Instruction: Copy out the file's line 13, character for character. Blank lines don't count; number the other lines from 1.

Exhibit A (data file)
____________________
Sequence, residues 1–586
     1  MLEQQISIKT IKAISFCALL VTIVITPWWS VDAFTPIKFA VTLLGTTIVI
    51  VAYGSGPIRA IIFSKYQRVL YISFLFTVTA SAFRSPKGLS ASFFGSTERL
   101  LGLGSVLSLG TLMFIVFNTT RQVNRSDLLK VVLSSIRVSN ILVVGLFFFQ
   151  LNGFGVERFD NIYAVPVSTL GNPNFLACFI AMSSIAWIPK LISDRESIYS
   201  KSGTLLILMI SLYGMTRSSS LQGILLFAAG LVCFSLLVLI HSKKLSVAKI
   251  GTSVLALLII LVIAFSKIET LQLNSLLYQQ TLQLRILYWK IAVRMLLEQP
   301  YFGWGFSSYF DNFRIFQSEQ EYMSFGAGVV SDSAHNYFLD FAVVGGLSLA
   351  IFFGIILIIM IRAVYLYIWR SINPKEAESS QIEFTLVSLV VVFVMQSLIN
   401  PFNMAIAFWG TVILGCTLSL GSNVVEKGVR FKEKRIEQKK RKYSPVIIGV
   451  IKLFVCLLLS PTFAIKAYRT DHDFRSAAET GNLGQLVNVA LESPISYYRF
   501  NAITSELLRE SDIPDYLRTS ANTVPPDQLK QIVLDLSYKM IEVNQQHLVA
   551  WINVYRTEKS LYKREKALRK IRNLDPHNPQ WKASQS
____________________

   551  WINVYRTEKS LYKREKALRK IRNLDPHNPQ WKASQS